An uncontested divorce is one where you and your spouse are not contesting any issue relevant to your case. You and your spouse agree, therefore, on the issues that are involved in your divorce. Preferably the two of you would have worked out your differences and come to specific agreements on subjects like a possession schedule for your children and how to divide up your community estate. This can make your uncontested divorce even simpler and easier to handle for all parties. Sometimes people go into what they believe will be an uncontested divorce and find out that theirs is a contested divorce. This happens when trying to negotiate through a subject in greater detail, parties find out that they may not be marching in lockstep, after all. That’s ok- it just means that you all would need to follow the process related to a contested divorce.

Your divorce is unique to you and your spouse. No two divorces are exactly alike, which is part of the reason our attorneys enjoy our jobs so much. Not only do we get the opportunity to serve our clients but also can think creatively out of necessity due to each case we handle is unique. What we did in serving a client last week will not necessarily have the same positive impact on you and your case. As a result, we are constantly learning and growing in how we represent clients so that you can be as ably represented as possible in your divorce.

Where do you start in a contested and uncontested divorce?

Hopefully, by now you have a good idea of what kind of divorce yours is likely to be. Again- your case can go from one to the other before filing. However, we will start by discussing the beginnings of a contested divorce because that is what your case is likely to be. A contested divorce begins by filing an Original Petition for Divorce. This is the document that tells the court of your intention to divorce your spouse. It also introduces your family to the court including your minor children. Any relief that you are asking from the court will be stated in your Original Petition for Divorce. This is not an overly detailed document, but it is a necessary one. You will file this document with the county or district clerk in whichever court has jurisdiction over your case.

Jurisdiction means that a court has the ability and right to issue orders related to your family. For a Texas court to gain jurisdiction over your case, you must first be a resident of Texas for at least six months. Next, you must have lived in a specific county for at least the past ninety days. You can have multiple courts with jurisdiction over your case given that you may live in one Texas county while your spouse resides in another. You can choose the county with the appropriate jurisdiction and then file your case there.

A citation will need to be paid for when filing your petition. The citation will inform your spouse of their legal rights as far as filing an Answer to your Petition for Divorce. Additionally, the citation will need to be filed with the court once your spouse has been served with the divorce papers. Service means that your spouse has a right to be made aware of your filing for divorce. You can file an Original Petition but until your spouse is notified and made aware of your doing so the case has not truly begun. A private process server or constable can pick up the documents at the courthouse and then physically hand them to your spouse to have him or she served with notice. Once service is “effectuated” the citation will be returned to the courthouse by the process server or constable.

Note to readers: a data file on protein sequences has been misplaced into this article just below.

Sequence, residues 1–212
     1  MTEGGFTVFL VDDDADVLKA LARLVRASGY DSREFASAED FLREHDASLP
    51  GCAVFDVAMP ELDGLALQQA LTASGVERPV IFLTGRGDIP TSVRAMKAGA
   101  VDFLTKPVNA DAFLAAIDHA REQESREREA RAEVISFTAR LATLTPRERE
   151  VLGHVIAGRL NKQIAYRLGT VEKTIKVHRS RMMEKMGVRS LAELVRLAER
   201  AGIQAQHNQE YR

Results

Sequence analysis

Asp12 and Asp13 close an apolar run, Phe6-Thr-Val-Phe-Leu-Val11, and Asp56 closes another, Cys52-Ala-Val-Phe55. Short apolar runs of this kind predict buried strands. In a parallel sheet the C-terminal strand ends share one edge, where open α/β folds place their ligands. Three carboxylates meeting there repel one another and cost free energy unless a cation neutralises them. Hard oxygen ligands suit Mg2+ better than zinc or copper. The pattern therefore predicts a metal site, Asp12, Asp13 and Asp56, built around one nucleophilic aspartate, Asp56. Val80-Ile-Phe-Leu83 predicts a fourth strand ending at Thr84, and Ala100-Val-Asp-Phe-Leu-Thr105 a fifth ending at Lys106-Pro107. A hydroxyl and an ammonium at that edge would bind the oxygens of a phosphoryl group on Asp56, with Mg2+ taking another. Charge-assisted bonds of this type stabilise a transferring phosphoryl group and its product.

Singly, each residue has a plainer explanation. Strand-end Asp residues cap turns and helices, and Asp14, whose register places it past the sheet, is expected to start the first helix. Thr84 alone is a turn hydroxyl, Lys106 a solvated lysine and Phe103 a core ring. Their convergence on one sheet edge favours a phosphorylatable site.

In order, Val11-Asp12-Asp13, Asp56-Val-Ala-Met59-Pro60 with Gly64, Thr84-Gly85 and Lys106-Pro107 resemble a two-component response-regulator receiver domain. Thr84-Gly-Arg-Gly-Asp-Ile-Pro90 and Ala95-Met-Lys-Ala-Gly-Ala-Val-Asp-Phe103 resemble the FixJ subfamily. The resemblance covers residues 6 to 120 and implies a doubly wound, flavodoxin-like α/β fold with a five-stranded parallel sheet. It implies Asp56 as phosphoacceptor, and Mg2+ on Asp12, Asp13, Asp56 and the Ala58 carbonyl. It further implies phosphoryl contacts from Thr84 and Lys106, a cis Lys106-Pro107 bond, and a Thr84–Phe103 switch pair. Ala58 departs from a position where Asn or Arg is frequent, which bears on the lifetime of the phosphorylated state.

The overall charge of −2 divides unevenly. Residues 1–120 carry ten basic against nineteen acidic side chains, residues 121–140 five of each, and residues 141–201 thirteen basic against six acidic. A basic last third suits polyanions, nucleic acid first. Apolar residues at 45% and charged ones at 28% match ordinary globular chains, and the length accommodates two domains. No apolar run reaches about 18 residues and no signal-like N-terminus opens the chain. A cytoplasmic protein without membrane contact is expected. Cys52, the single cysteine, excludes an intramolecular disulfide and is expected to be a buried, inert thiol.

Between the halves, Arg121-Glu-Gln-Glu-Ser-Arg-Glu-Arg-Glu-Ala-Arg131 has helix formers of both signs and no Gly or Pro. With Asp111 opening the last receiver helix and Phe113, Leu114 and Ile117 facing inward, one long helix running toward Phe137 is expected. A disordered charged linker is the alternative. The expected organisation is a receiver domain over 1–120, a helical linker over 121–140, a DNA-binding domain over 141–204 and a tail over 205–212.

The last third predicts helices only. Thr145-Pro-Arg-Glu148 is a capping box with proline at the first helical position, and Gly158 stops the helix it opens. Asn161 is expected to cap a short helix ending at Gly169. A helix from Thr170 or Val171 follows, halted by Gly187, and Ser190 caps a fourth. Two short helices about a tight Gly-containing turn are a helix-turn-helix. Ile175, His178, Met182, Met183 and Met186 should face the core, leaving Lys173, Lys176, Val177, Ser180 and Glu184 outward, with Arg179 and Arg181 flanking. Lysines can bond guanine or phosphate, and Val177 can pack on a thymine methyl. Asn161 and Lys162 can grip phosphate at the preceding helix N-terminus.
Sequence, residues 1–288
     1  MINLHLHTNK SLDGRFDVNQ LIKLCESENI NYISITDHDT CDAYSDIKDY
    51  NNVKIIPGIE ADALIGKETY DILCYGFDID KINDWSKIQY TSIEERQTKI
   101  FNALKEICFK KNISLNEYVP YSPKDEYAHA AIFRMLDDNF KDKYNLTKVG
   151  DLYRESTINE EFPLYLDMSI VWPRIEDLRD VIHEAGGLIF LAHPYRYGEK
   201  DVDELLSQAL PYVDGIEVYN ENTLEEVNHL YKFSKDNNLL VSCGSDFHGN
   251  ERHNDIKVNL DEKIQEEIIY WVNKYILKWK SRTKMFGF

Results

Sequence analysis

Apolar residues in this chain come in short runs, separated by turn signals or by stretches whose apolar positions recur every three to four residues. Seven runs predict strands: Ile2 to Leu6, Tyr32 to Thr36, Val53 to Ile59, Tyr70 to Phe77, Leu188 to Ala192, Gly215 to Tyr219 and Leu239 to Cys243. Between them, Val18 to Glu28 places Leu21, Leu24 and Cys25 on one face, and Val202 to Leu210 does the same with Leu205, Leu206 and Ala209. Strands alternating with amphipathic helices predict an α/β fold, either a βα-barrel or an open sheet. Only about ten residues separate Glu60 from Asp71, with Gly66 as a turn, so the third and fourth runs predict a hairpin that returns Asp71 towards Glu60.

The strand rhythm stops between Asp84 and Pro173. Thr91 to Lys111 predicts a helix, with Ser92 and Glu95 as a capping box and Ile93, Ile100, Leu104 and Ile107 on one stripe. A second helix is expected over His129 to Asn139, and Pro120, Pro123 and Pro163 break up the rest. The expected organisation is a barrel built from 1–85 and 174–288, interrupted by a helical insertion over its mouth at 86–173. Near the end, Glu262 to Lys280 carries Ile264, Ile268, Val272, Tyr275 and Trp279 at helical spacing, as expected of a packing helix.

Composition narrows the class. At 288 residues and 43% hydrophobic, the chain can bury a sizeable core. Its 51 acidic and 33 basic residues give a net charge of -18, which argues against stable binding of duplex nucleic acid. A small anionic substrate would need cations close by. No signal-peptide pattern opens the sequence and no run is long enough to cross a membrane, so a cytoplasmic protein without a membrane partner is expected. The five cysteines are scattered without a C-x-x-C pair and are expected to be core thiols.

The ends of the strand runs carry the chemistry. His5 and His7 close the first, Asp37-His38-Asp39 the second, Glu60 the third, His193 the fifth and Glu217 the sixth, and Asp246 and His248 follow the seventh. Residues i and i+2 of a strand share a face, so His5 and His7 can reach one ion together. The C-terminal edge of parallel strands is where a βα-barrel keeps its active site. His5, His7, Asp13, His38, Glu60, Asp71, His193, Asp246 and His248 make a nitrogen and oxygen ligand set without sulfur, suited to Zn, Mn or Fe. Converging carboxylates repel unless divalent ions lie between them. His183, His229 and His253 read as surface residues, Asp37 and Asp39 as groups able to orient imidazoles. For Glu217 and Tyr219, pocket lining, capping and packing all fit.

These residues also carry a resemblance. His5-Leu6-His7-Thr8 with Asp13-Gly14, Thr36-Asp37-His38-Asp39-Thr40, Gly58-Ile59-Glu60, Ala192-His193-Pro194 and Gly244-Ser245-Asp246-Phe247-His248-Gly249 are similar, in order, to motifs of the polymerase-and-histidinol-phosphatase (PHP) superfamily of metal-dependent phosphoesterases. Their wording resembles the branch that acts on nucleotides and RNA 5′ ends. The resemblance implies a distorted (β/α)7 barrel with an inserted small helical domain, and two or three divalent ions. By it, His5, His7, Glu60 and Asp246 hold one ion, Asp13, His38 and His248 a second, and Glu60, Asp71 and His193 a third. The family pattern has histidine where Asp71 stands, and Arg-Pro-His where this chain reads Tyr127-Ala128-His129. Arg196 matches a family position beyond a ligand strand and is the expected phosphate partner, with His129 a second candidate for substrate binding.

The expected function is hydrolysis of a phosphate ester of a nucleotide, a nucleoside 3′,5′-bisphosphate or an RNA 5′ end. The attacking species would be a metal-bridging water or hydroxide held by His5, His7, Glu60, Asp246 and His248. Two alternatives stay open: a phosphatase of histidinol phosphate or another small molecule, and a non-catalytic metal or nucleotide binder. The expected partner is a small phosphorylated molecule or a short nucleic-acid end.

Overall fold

Your spouse will have approximately twenty days to file an Answer to the Original Petition. The answer usually comes in the form of a general denial of the allegations that you made in your Original Petition. Along with the Answer your spouse may choose to file a Counterpetition for Divorce which will include their allegations and requests for relief. From there, you and your spouse can set your case for mediation, submit discovery requests to each other, and generally begin the negotiation process for your case.

An uncontested divorce follows the same general timeline as a contested divorce but with some major differences in approach and process. An uncontested divorce begins with the filing of an Original Petition for Divorce, just as an uncontested divorce will. Here is where the main difference between contested and uncontested divorces first appears. In an uncontested divorce, your spouse would likely be made aware of your intent to file for divorce before you do so. This will give him or her time to prepare a response. If you all believe that you agree on the issues in your case, or if the issues are so few that you all do not need to contest anything, then you can decide to not have your spouse served with notice of the divorce through a process server or constable.